The other day I came across an interesting clip of a marathon runner who said that those who are disciplined are the ones who are truly free. What could that mean? Surely being disciplined means leading a rather regimented lifestyle, with lots of restrictions on what you can and can't do. That's true but it also means you are free from becoming lazy, free from wasting time, and free from procrastination. That's the freedom that discipline gives you.

I think the same is true when you go "all in". But before we discuss why and how this is so, let's first explore what "all in" actually means, in the context of sport.

Some people might think "all in" means training full-time. So, if you're all-in, it means you are training twice or even three times a day, right? But what if you can train only once a day? Or maybe there are times when you have to skip some days. Does that mean you're not all-in?

As far as I'm concerned, all-in is not about how many days you train or how many sessions you can attend. Yes, a person who is all-in will want to train a lot. And I mean a lot. But sometimes circumstances make daily training impractical. A person who is caught in such a situation could still very much be all-in.

Why? Because "all-in" is a mindset. It's a mindset that I will do everything I can to improve myself in my chosen field of endeavor. There may be certain obligations that I have to attend to, which will affect how much I get to train, but whatever time is available for me to train, I will take it.

A player who is all-in can ask themself at the end of each day: "Was there anything more I could have done?" and the answer will always be, "No".

Now, back to our original question: How can someone who is all-in be said to be free? Aren't they training all the time? What kind of freedom is that?

A person who is all-in is free from distractions. They won't be sidetracked by other things because training is what they want to do, not something they have to do. A person who is all-in has no problem saying no even to good options.

This is not the case with someone who is holding out, and unwilling to go all-in. That person will always be tempted by other things. Tonight there's training but there's some other activity that's fun and cool to do, and all my friends will be there. What am I to do?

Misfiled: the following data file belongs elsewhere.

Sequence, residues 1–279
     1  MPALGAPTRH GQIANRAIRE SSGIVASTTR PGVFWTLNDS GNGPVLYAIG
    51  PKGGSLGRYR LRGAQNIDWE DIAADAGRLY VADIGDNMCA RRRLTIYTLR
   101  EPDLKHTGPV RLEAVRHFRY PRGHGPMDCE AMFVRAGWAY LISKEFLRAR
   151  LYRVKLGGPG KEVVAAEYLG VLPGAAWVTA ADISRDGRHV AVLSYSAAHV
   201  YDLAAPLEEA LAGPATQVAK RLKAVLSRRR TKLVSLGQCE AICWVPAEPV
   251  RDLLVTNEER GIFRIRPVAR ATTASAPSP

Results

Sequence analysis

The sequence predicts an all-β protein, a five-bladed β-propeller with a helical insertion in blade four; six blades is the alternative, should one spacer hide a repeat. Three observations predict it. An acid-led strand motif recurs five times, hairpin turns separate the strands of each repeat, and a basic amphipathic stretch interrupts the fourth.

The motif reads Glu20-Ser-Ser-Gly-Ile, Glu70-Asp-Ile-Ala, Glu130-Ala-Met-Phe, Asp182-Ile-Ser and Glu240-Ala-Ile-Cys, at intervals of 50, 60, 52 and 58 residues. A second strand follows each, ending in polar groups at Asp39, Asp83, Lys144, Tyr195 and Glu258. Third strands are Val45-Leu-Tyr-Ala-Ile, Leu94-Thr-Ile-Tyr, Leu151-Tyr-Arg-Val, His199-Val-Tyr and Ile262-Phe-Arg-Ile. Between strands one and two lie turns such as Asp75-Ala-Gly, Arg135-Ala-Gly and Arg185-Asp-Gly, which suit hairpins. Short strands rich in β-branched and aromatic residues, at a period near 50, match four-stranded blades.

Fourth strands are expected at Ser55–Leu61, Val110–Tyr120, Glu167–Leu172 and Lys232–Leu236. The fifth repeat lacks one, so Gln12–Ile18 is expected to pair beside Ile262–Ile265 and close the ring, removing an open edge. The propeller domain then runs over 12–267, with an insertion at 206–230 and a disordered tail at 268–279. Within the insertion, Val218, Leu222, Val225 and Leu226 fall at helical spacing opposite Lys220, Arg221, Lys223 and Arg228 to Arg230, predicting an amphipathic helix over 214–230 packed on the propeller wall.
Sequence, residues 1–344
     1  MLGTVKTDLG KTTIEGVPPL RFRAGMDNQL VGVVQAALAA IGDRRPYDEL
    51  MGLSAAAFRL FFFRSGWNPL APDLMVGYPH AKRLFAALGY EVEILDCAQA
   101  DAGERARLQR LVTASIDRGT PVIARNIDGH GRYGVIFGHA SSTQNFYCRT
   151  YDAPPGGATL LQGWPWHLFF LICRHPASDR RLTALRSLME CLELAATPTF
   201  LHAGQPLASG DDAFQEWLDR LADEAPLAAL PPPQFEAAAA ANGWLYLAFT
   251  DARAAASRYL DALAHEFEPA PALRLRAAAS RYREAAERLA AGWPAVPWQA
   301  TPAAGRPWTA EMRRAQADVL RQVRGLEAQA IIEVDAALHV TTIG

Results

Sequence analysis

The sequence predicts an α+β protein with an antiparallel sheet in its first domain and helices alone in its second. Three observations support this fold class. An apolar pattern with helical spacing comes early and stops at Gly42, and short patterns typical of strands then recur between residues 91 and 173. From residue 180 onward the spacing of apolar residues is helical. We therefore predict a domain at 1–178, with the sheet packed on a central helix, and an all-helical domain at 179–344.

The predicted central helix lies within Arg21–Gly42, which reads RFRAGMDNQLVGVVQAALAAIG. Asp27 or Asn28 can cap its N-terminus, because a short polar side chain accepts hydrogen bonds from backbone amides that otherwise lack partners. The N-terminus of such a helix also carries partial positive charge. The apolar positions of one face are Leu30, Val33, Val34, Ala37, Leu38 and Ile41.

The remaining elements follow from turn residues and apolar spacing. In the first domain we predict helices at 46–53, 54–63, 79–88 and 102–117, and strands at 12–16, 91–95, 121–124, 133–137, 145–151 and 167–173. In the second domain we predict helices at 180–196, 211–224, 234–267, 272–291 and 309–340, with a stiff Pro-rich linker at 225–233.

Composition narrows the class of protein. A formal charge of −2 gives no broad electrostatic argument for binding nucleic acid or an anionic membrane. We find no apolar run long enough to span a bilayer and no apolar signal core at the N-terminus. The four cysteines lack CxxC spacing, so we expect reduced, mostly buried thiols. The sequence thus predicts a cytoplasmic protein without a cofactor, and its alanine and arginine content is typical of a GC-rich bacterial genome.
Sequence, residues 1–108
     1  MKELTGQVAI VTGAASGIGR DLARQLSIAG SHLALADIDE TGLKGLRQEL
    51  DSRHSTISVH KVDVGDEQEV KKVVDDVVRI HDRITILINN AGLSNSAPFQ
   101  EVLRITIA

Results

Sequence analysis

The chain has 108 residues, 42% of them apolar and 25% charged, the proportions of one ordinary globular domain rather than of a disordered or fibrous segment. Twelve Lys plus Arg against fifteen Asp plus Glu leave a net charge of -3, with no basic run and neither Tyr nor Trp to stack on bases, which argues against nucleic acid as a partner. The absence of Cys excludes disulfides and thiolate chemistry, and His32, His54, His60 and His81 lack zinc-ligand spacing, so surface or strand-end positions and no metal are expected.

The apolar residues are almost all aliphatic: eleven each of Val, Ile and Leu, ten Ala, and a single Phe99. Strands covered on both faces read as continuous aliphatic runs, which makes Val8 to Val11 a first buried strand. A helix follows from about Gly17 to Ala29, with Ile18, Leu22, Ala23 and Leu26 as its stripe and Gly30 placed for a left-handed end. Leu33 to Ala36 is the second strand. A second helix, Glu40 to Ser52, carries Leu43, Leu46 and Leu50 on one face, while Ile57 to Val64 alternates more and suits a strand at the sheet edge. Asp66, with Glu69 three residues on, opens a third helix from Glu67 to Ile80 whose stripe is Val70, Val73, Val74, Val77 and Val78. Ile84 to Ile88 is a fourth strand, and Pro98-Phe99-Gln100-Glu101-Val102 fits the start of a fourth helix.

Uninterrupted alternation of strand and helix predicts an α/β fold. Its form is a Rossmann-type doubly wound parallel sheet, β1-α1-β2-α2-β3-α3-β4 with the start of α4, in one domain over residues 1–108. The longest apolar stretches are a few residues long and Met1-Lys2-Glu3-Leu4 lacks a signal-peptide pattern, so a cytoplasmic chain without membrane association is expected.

There is no "What am I to do?" for a player who is all-in. A player who is all-in is free from the constant tension and stress of "good options" that a person who is not all-in suffers from.

When a player is all-in, that player also liberates their coach. The coach never has to worry about that player being lazy. There is never any suspicion that the player is making an excuse not to train. If that player needs to take time off from training, it's always for a good reason, and not because they don't feel like it or because there's something else they'd rather be doing. A coach with an all-in player knows that player will always meet them half way.

So, how can a coach tell if a player is truly all-in? It's always a good sign if the player says they are. But talk is cheap, and it's easy enough to say, "I'm all in." So, don't rely on what they say. Look at what they do.

Do they come to training early? Are they willing to stay back late? Do they have good body language? Do they ask questions? Are they always wanting to do more?

If a player asks: "How many days do I have to train?", that's not a question someone who is all-in will ask. A player who is all-in will ask: "How many days do I get to train?"

A player who is all-in views training as a privilege and an opportunity, not a chore and a bore. The don't have to force themselves to train. They wake up every morning looking forward to training.

If a player is injured and they tell you: "Coach, I'm taking a few days off because of this injury on my (name any body part)", that's not a player who is all-in. No serious athlete will ever say that. A professional athlete will ask: "Coach, I'm injured but can I still do some form of training?"

A player who is all-in doesn't ask, "Coach, we just finished a competition, can I take some time off now?" A player who is all-in asks: "Coach, when can we get back on the mat cos there are a few things I need to improve on?"

It's famously said that there are two states of being that a person cannot hide from the rest of the world. One is when you're in love. The other is when you're drunk. But there is actually a third state of being that you can't hide from anyone, and that is when you're all-in.

If you're all-in, everyone will know it. Your coach will know it. Your teammates will know it. Even casual observers will know it. It's super obvious when someone is all-in. (And it's just as obvious when they are not).